What a tremendously baroque civilization we have! At first bookmarks were ribbons sewn into the bindings of books. Then they were pasteboard advertisements for patent cures and the like. Now they are paper and plastic and metal, ads for everything and nothing, fanciful clips, inspirations and tassels. So much human energy has been poured into my little shoebox, so much effort to keep me from having to dogear or remember a page number.
The Holy Tango of Poetry. Search requests in a certain order. Sometimes the beautiful complications of the world that we've created together just overwhelm me. I should lay down and rest in this beautiful world.
# 27 Dec 2005, 02:31PM: Charity:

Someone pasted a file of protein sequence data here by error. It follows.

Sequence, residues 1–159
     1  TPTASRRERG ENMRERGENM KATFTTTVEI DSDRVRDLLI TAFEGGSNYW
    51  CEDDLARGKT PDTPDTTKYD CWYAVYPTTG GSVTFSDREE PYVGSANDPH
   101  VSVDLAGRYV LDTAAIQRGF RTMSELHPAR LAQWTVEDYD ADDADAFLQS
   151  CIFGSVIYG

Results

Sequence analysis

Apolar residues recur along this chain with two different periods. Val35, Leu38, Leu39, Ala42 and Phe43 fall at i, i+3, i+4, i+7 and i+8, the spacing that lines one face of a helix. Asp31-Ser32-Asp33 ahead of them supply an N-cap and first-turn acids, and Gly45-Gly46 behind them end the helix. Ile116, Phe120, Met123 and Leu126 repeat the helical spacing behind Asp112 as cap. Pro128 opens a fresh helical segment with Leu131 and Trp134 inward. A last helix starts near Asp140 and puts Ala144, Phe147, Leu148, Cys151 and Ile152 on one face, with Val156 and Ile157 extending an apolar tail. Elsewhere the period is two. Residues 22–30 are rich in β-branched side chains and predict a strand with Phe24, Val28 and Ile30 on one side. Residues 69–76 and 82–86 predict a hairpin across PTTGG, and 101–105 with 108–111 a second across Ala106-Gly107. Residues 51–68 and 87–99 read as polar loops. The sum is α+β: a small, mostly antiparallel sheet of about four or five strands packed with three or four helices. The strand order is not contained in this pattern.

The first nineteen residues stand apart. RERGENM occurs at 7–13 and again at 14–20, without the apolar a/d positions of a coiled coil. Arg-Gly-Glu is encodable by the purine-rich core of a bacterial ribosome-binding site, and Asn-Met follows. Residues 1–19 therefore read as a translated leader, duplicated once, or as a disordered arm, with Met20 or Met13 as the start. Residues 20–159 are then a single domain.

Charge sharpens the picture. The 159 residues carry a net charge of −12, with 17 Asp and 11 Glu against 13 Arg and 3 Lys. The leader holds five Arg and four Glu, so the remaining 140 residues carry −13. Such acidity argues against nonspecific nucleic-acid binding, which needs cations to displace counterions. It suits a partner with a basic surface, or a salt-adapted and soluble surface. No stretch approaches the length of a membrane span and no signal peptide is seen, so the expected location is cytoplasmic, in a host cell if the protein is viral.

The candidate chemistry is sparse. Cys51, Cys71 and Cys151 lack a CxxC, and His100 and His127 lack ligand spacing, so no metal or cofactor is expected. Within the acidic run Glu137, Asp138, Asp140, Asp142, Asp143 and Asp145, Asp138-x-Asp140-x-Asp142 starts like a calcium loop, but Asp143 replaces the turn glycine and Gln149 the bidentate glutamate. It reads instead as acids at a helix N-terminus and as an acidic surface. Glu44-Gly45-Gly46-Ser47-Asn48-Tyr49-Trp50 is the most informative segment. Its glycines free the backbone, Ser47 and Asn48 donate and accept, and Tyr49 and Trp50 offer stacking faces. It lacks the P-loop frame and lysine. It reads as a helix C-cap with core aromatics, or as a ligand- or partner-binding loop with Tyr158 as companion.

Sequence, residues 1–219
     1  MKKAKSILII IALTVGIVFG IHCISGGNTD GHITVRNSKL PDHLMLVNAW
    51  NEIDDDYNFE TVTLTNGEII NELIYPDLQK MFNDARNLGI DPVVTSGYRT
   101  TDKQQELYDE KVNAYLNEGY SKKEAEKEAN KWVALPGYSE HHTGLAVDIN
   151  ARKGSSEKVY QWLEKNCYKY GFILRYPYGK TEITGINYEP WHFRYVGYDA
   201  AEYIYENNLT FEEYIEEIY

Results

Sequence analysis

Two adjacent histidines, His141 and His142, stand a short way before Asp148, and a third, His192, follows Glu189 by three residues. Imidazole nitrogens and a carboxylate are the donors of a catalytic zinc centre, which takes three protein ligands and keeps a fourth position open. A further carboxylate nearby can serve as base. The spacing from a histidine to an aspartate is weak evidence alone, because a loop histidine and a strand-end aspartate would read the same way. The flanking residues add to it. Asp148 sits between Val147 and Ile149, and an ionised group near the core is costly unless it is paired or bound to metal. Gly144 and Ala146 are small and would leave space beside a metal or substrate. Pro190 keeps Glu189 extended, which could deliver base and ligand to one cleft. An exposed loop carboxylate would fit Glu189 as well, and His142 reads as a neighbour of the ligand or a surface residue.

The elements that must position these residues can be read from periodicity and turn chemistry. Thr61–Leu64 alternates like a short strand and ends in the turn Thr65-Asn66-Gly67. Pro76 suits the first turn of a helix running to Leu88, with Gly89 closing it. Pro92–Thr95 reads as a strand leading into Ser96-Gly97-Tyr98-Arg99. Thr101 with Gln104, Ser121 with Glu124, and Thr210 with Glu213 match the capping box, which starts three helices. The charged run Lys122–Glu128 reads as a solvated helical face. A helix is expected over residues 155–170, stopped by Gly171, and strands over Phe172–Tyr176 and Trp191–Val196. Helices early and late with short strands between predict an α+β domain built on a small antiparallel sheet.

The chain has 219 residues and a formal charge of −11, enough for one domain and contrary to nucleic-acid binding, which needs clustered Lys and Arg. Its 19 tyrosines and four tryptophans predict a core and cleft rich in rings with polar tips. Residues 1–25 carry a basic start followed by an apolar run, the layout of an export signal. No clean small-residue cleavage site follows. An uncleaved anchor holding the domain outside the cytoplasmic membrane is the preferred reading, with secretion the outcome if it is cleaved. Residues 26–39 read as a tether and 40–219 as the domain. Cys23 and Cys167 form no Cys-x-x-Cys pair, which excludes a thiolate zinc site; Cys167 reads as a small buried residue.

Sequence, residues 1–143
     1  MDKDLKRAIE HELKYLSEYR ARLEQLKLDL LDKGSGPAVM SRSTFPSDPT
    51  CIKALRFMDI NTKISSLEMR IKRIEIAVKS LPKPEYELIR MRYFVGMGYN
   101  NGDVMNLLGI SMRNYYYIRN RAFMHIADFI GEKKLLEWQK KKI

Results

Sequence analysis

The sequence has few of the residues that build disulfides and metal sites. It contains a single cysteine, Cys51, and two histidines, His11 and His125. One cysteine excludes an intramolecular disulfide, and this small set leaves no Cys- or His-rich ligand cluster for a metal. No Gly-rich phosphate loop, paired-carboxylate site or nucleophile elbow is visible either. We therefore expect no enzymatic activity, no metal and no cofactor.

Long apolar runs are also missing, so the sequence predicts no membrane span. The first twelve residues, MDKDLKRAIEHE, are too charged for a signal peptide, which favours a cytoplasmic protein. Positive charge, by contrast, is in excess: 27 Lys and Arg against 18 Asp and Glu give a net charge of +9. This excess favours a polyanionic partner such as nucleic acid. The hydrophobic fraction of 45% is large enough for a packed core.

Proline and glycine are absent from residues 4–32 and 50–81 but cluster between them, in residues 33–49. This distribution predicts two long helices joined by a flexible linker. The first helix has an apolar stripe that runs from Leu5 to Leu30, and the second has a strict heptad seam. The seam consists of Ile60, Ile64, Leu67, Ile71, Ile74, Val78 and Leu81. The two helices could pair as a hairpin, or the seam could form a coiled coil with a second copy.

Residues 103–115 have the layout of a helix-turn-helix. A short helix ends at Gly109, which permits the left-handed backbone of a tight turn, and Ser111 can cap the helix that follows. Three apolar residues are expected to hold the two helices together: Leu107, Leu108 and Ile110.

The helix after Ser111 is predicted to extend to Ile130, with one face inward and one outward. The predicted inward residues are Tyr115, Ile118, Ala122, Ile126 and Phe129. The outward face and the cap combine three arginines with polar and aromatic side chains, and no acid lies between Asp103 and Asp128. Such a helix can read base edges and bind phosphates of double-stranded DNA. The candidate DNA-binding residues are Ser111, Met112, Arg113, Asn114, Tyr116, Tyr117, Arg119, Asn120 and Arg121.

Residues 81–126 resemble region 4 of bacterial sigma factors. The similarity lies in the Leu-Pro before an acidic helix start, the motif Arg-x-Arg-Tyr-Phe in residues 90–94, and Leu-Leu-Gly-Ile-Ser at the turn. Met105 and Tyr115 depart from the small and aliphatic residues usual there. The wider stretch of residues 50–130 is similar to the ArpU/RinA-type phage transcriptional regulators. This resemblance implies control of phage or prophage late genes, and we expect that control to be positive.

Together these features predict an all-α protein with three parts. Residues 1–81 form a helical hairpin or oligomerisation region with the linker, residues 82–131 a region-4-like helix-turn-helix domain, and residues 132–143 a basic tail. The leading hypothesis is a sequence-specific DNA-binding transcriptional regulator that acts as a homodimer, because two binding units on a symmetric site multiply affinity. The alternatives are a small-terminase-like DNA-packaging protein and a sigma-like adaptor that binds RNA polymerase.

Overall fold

It's the time of year for people to sing the I-got-horrible-gifts waaaaanthem. I have no such complaints, but several years ago, when I graduated from high school, my parents' friends gave me various inappropriate presents, including two self-help books. One was a primer on emotional intelligence. The other: a copy of A Christmas Carol with a huge Dickens-dwarfing epilogue or prologue dictating how the reader could undergo a Scrooge-like transformation.
Jessa Crispin pointed me to an essay on the moral lessons of A Christmas Carol by Michel Faber, author of The Crimson Petal And The White, and I figure that his take on the tale is much better than the self-help gobbledygook would have been. I would be remiss if I did not also point you towards James Morrow's fictional response to Dickens in Bible Stories For Adults.
# 28 Dec 2005, 11:21PM: MC Masala Reprint:
This week's column got published Sunday, Christmas Day. So they reprinted the column I'd written back in July, about my interest in Christianity.